Pharmaceutical abortion, also known as chemical or medical abortion, is a method to chemically induce abortion early in pregnancy.
It is typically done using two drugs. The first is mifepristone, also known as RU-486, and the second is misoprostol. The drugs are taken orally over three days, although the abortion itself may take much longer to complete.
In 2000 the U.S. Food and Drug Administration authorized the use of mifepristone for abortions up to 49 days of pregnancy. By 2011, chemical abortions accounted for 28.5% of all U.S. abortions at or before eight weeks.
A chemical abortion causes a serious reaction in a woman’s body in order to cause it to interrupt and expel the pregnancy. It normally causes several hours of bleeding and cramps ranging from mild to severe, and side effects may include nausea, vomiting, diarrhea and shivering. Infection and hemorrhage requiring emergency care are known risks.
The abortion may end in about 4 to 5 hours, but in some cases takes as long as two weeks to complete. According to Marie Stopes, bleeding and cramps following chemical abortion can last several weeks.
There have been fourteen women known to have died in the U.S. between 2000 and 2011 due to complications following this method.
How Mifepristone Works
Mifepristone is an antiprogestin: it works by blocking the pregnancy hormone progesterone. Progesterone is “pro-gestation,” as the name suggests, and makes the nutrients in the uterine lining available to the newly-conceived fetus as it arrives from the fallopian tube.
Misoprostol is then taken to help ensure expulsion, two days later in the U.S. FDA-approved regimen or as early as 6 hours later in the UK. Misoprostol is a hormone-like compound (prostaglandin) that produces uterine contractions to expel the dead baby and placenta.
Danco Laboratories, the U.S. manufacturer of the mifepristone brand Mifeprex, states that the two-pill regimen is 92 to 95 percent effective in completing an abortion.
If the drugs fail to end a pregnancy, surgical abortion may be performed.
FDA Guidelines for Chemical Abortions
The FDA-approved pharmaceutical abortion protocol is for pregnancies up to 49 days gestation and follows this regimen:
- Day 1: three 200 mg mifepristone tablets orally in one dose.
- Day 3: two 200 mcg misoprostol tablets orally in one dose at a provider’s office.
- Day 14: The patient must return to confirm that a complete termination has occurred. If not, surgical termination is recommended.
Bleeding and cramping can begin after either the first or second set of pills.
Unlike surgical abortions, in which abortion staff immediately remove products of conception, medical abortions usually take place at home and in solitude. Women and experts have said the gestational sac and embryo is sometimes intact and can be seen after it is expelled during these abortions, especially if the pregnancy is relatively late. (2) For some, this could be distressing.
The medication guide for Mifeprex includes an agreement to be signed by patient and provider, in which the patient assents that “I believe I am no more than 49 days (7 weeks) pregnant,” and “I will take [this guide] with me when I visit an emergency room or a provider who did not give me Mifeprex.”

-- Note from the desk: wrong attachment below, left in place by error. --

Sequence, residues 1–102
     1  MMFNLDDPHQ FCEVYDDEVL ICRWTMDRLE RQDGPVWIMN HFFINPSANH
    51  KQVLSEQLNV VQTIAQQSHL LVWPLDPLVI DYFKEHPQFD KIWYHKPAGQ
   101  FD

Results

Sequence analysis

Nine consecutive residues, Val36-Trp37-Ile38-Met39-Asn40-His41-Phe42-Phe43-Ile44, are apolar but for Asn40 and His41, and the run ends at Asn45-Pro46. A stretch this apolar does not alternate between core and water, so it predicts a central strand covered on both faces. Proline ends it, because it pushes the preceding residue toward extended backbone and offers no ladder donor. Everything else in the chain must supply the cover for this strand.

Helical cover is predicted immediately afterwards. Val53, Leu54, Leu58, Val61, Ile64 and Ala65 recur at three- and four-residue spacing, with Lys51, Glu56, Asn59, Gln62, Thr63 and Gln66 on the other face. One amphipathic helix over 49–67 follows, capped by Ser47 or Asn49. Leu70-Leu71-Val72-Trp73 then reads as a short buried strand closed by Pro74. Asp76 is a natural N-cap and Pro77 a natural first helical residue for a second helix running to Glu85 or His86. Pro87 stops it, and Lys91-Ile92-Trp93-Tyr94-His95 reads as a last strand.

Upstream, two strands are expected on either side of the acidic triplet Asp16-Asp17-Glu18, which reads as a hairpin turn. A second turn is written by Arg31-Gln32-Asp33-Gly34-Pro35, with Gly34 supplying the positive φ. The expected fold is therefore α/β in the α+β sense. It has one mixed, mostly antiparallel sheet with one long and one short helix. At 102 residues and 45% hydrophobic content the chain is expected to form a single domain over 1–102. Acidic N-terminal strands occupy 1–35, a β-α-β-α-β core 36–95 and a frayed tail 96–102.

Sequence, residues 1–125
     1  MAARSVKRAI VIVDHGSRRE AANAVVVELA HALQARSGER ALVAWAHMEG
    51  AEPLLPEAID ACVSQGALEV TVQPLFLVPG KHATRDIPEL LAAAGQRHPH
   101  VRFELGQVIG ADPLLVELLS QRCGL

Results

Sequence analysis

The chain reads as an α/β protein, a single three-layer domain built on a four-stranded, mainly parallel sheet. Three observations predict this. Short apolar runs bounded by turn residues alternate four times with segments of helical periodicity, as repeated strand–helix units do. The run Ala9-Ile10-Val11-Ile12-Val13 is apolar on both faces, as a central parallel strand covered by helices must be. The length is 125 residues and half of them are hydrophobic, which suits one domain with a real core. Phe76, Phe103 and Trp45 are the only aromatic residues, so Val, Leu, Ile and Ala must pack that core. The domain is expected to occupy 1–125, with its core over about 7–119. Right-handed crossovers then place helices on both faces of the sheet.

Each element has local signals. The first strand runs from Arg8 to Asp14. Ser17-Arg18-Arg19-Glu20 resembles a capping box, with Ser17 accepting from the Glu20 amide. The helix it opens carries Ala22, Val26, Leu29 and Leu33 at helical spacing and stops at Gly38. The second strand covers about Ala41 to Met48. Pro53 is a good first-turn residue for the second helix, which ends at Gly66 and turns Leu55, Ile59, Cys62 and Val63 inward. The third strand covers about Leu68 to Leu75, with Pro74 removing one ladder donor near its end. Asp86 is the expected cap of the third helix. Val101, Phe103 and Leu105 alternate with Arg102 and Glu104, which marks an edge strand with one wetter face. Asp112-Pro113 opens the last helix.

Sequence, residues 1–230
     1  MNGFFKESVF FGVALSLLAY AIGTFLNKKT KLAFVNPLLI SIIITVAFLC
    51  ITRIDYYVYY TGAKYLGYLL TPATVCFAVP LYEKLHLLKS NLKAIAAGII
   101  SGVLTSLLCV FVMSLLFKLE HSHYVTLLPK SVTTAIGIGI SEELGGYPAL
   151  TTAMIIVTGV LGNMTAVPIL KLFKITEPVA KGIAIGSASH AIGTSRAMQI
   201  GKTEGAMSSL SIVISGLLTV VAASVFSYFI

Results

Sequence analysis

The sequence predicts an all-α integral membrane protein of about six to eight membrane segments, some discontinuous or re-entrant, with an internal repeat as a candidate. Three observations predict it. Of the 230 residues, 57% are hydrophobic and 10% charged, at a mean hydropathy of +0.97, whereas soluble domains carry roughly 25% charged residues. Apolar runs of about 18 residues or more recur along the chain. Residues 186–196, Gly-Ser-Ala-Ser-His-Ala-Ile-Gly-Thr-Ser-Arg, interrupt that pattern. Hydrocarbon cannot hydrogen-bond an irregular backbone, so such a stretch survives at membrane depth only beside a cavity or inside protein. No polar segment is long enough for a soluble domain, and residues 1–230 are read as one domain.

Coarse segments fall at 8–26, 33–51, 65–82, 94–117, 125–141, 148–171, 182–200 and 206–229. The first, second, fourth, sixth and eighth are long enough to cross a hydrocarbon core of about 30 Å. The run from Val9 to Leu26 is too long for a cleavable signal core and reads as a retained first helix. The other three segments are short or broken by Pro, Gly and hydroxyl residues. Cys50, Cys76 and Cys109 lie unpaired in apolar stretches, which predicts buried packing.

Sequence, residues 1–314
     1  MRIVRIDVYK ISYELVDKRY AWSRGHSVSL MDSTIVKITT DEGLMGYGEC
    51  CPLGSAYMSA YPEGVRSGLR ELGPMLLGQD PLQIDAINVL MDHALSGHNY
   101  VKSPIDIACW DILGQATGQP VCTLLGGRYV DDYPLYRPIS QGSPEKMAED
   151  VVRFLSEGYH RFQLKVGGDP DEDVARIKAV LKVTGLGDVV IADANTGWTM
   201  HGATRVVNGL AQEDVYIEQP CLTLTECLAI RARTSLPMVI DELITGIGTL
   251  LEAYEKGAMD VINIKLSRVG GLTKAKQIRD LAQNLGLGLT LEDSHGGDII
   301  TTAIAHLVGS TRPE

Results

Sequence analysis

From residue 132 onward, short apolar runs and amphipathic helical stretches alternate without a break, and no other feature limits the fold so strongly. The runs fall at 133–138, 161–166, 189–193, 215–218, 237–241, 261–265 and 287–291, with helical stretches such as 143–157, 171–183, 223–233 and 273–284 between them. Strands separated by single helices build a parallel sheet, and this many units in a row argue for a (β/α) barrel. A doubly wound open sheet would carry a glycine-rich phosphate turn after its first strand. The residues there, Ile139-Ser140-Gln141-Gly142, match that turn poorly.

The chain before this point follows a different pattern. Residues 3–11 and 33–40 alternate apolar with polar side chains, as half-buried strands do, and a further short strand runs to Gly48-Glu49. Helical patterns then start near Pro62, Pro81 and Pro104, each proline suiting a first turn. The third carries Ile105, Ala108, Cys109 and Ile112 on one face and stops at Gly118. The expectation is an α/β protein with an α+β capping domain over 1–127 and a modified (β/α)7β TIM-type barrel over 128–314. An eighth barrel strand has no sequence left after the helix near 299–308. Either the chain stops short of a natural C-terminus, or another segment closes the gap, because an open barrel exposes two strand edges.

The mifepristone label indicates that bleeding or spotting will likely continue for an average of 9-16 days, and possibly last up to 30 days.
The FDA lists 2,207 adverse events in women who used mifepristone between 2000 and 2011. Beyond 14 deaths and 612 hospitalizations, the most frequently occurring complications were hemorrhage requiring transfusion (339) and infection (256).
Second Trimester Chemical Abortions
Mifepristone and misoprostol are sometimes also used to end pregnancy in the second trimester. This off-label alternative induces labor by the use of both drugs or of misoprostol alone.
When mifepristone is followed by misoprostol 48 hours later, one study found that the time to fetal expulsion was about 7 1/2 hours. (3)
Retained placenta is the most common complication for second trimester pharmaceutical abortion, and may happen for as many as 50% of women. Hemorrhage requiring transfusion and infection are the next most frequent complications.
Women who change their minds and want to keep the baby after starting a medical abortion in the first trimester may be able to do so up to 72 hours after taking the first pill, mifepristone. This is done by progesterone treatments with a claimed survival rate for the pregnancy of 60%.
“By giving extra progesterone, we hope to outnumber and outcompete the mifepristone in order to reverse the effects of mifepristone,” say the founders of AbortionPillReversal.com, which refers women to doctors providing the progesterone treatment.
Although the Mifeprex guide suggests birth defects could affect a child born after failed chemical abortion, the American College of Obstetricians and Gynecologists reports that “No evidence exists to date of a teratogenic [birth defect] effect of mifepristone.”
In fact, babies born after the progesterone treatment have not shown birth defects due to mifepristone. AbortionPillReversal.com reports that 89 babies have been born after progesterone treatment. Aside from one minor and unrelated birthmark, all were without birth defects.
(adapted from abortionis.com)